Ayres Knowledge Center Learning From Nature | Page 5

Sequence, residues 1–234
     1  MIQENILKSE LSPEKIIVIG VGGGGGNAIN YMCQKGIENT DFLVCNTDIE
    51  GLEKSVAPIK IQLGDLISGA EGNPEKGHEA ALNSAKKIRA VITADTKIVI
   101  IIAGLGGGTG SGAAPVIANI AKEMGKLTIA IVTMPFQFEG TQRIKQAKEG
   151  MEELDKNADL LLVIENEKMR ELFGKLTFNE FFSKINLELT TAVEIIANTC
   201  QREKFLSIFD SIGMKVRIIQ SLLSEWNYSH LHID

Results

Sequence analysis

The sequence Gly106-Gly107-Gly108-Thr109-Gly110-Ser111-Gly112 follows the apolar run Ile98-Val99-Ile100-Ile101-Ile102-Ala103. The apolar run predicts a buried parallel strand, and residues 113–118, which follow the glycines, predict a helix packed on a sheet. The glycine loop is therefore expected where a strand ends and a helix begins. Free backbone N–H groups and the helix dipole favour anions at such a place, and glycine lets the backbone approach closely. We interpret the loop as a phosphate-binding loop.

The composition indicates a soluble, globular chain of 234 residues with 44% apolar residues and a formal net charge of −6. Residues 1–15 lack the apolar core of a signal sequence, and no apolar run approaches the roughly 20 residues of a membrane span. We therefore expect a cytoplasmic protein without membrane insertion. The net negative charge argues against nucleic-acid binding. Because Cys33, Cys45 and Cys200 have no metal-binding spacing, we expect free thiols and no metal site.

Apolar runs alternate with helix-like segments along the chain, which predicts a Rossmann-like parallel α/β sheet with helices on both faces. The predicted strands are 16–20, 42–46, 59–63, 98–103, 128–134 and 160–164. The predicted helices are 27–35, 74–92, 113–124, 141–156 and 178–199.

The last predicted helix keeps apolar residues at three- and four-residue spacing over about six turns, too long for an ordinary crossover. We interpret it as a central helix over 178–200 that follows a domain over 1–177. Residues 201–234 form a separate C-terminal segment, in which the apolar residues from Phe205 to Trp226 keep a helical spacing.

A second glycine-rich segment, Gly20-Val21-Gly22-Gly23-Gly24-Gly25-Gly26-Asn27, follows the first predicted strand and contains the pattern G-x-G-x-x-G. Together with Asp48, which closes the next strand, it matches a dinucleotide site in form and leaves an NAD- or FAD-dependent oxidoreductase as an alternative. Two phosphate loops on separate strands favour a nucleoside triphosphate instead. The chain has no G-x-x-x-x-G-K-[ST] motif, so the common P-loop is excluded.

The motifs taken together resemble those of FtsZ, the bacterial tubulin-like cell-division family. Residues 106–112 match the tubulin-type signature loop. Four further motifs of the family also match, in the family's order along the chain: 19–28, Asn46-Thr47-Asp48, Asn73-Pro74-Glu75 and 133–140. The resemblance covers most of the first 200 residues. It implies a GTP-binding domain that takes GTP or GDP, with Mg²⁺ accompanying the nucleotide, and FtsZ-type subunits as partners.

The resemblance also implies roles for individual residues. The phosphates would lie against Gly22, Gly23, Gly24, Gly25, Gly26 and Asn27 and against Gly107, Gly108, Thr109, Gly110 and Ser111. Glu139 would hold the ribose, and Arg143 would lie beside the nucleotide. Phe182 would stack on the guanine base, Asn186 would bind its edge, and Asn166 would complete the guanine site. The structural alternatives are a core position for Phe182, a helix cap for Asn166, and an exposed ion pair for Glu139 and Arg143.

professionals, we focus on the primary objective of making highways safe, and we tend not to think of highway design of the place, but we should. And the challenge here isn’t about the vegetation on the shoulder of the road or stormwater control for a highway. I’m talking about the means and materials. If every road looks like every road everywhere else, we probably aren’t doing a good enough job of designing of the place. Enough said. On to rule number two. 2 2: EXPECT A HIGH ROI Generally speaking, the more Nature has invested in an object or system, the more value it expects to get from its investment in terms of how long it lasts or how it supports the other parts of a system. To put it another way, Nature doesn’t typically invest a lot of energy into an object or place unless it expects that investment to result in high returns. This is true for individual structures, like a mountain or tree, or systems like a prairie or forests. Nature builds objects and systems to withstand change. 9 Here’s the funny part about this, though. Change is the investment. This doesn’t make sense, I know. Let me explain. As we discussed earlier, Nature wants objects and systems to resist change. 10 The more Nature invests in an object or system the longer it expects that something to resist change. Think of a mountain. Nature put a whole lot of energy into raising the mountain and invested a lot of mineral resources into the rocks and stones of that mountain. That mountain is a mineral bank. After building the bank, Nature then meters out the minerals through erosive techniques over a period of time. The mountain, as a whole, is durable to most forms of violent impacts over the long turn. Even when a mountain is hit by tornadoes, hurricanes, or even subsequent volcanoes, most of the mineral bank remains intact. It might break into pieces, but it is rarely vaporized into its constituent parts. The investment to create the mountain was a huge change This may sound like it contradicts the first rule Preservation of Essence. Remember I likened the rules of nature to a game. Well, the best games have competing interests. The value and excitement comes in the competition of interests. In this case the first two rules have at the surface competing interests but the outcome is much more exciting. 9 In nature, change is any deviation in an object’s or system’s normal and desired state of affairs; such as wear, pressure, damage. The ability to resist change defines an object’s or system’s durability. 10 AYRESASSOCIATES.COM | 5